This picture shows the kind of printing failure that frequently results from a poorly designed cooling duct. Most of the cylinder printed fine (still tuning this printer), but the part in the wind shadow of the cooling duct was still malleable when the next layer was added, causing the layers to buckle and bulge instead of stacking properly.
I’ve been experimenting with several new dual drive extruder designs for the latest printer I’ve been building. Every time I make a new iteration, I have to recalibrate the gap or tension setting on the extruder. Here are the steps I take to calibrate each iteration, which may want to try if you print one of these designs.
I’ve found wiring to be one of the most fragile parts of my 3D printers. Fans can often fail where the wires are connected to the PCB, which can be particularly frustrating failure since there’s often limited clearance for soldering and most fans are welded together, making them difficult to disassemble. Fortunately, a bit of preventative reinforcement can significantly reduce the odds of a broken fan.
One of the worst things a detached print can do is attach to the heater block. This case wasn’t too bad, but I’ve seen pictures where the hotend is encased in a giant ball of plastic. If this happens, turning up the temperature of the hotend will make the plastic easier to remove, I usually set it high enough to soften the plastic, but lower than normal printing temperatures. A brass brush is also very useful for cleanup. Watch out for any wiring damage during cleanup, especially around the thermistor.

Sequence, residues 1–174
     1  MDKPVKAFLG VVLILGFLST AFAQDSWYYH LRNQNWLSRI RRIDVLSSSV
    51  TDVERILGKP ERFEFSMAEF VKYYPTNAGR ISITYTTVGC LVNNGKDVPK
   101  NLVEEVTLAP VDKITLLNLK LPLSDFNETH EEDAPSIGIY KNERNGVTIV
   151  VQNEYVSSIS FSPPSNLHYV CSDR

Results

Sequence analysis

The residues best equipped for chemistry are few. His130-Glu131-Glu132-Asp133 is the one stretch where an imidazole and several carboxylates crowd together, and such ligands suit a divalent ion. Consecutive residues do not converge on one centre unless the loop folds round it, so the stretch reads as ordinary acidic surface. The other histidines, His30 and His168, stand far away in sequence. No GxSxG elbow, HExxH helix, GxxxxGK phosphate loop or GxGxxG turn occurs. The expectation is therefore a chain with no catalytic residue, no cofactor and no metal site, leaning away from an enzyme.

When I change nozzles on my printer (which I do often to switch between nozzle sizes), I usually remove any remaining filament in the nozzle. It helps keep the nozzle clean and reduces color and plastic contamination the next time you use the nozzle. The process is similar to doing a cold pull, but quicker if you’re already planning to change the nozzle.
The plastics used in 3D printing behave differently under a constant tension, some are elastic and return to the original shape when that tension is removed, some creep, and take on a new shape as a result of that strain. Then there’s crazing and cracking which you can see in the print above.
Sometime a part detaches from the build plate, especially when using higher warp filaments or an unheated build plate. There are several things that can happen at this point with a filament hairball being one of the best results.
Almost all of the filament suppliers vacuum seal their filament with a desiccant packet pack to ensure your filament arrives dry and ready to use. That’s the theory, but I’ve noticed a few filaments arrive wet, with the moisture perfectly sealed in to ensure you have a poor first experience with the filament.